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Politics & Government

Flint might restructure bonds to pay for water improvements

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Steve Carmody
/
Michigan Radio

The city of Flint wants to restructure some bond payments to pay for two million dollars of recommended fixes to the city’s troubled water system.

A year ago, the city ended its contract with the Detroit Water and Sewerage Department, and opted to treat water from the Flint River instead.

Since then, people have complained about the water’s taste, smell and appearance. The city was also cited for violating the Safe Drinking Water Act for higher than acceptable levels of a disinfectant by-product.  

A consultanthired by the city, Veolia North America, says Flint needs to do more training of staff, make changes to the chemicals used, and buy new equipment.

Mayor Dayne Walling says the need to fix the system justifies the added costs down the road.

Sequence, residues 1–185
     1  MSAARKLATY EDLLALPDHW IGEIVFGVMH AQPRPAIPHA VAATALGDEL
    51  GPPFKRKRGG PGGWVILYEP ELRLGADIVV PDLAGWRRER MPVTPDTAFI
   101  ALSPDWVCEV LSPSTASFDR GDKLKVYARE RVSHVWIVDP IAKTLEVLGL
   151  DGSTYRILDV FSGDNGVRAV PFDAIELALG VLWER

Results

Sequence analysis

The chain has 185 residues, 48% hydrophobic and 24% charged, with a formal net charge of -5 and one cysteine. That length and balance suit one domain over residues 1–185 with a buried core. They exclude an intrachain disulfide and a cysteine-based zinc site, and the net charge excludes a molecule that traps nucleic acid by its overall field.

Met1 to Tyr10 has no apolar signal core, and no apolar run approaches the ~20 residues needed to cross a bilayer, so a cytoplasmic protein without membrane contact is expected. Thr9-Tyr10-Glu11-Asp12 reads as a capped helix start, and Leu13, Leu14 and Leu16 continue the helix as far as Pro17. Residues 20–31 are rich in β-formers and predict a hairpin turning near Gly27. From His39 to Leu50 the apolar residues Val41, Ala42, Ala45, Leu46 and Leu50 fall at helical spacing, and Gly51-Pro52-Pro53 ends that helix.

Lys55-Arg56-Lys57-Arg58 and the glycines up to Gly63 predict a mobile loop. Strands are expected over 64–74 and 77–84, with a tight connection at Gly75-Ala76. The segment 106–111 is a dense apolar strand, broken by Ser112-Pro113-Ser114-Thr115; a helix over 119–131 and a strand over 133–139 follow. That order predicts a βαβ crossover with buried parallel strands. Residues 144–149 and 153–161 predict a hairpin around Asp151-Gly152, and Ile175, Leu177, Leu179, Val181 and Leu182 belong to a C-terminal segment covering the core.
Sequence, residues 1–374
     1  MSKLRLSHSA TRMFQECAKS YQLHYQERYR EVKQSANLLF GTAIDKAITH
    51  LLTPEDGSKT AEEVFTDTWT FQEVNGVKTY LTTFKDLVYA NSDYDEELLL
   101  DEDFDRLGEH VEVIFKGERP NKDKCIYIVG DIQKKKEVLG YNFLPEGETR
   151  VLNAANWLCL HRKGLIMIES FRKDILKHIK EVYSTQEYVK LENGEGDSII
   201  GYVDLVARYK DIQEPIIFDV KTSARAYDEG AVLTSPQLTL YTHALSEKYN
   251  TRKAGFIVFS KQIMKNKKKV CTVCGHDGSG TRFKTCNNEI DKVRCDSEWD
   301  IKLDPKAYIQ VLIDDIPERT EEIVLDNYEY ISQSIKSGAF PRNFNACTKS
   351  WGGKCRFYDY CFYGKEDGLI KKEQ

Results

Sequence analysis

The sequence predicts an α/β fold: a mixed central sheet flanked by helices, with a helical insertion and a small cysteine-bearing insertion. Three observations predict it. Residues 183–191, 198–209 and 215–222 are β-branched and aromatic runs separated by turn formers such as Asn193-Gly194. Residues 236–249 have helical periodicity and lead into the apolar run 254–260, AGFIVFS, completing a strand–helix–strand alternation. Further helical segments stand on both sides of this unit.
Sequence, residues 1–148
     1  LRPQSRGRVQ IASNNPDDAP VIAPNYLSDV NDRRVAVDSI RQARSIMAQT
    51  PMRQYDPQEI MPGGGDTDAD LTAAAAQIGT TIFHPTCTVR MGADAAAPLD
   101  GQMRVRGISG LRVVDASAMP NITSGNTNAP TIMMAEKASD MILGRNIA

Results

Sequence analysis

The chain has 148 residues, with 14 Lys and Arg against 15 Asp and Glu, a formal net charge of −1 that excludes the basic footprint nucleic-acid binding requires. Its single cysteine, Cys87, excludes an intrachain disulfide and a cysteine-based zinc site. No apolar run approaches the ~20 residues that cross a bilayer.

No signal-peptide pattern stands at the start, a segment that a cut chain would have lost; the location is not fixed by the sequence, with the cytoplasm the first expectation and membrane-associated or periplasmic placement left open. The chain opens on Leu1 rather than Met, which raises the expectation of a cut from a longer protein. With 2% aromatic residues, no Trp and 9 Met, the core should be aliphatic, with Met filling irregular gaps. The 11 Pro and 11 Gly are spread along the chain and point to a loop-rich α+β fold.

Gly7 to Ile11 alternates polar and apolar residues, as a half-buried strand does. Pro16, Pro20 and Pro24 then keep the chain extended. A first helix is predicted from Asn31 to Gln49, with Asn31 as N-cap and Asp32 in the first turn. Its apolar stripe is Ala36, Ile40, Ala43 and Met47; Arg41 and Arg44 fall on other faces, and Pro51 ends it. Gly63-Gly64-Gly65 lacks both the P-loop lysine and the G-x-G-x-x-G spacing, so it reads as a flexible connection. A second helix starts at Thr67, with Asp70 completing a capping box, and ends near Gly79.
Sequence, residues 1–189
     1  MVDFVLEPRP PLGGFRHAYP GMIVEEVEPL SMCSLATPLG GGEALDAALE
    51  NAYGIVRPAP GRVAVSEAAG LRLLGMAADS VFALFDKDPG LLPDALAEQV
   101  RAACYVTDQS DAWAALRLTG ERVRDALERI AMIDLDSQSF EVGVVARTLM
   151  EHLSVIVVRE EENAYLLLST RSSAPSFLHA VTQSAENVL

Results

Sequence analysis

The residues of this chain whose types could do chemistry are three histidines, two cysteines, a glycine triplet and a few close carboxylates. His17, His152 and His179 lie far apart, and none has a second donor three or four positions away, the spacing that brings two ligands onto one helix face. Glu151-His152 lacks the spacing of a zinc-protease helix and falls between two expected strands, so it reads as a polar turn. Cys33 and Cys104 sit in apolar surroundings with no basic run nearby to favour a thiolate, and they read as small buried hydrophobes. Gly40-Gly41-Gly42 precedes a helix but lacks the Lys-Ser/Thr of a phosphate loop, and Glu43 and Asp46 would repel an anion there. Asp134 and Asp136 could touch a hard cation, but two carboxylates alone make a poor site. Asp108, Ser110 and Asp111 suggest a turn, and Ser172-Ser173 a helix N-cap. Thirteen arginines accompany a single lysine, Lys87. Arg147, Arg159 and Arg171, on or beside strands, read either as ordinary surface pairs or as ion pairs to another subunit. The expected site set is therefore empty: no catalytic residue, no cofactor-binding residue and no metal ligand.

“Well the number one thing we have to have is safe water,” says Walling, “that’s high quality, that everyone can depend on. And that’s worth paying for.”

Walling says the changes will add “six figures” to paying off Flint’s bonds.

Flint’s Emergency Manager pegs the added cost at $228,000. 

Most of the fixes will only need to be in effect until the city starts getting its tap water from Lake Huron. The new Karegondi Water Authority pipeline is expected to be online by sometime in 2016.

Mayor Walling says the fixes are worth the cost, even if it’s only for another 16 months.

“It’s worth paying a few million dollars to get the system so that it’s dependable,” says Walling. 

The bond restructuring is not a done deal.

Approval of the state treasurer is required before the restructuring can occur.

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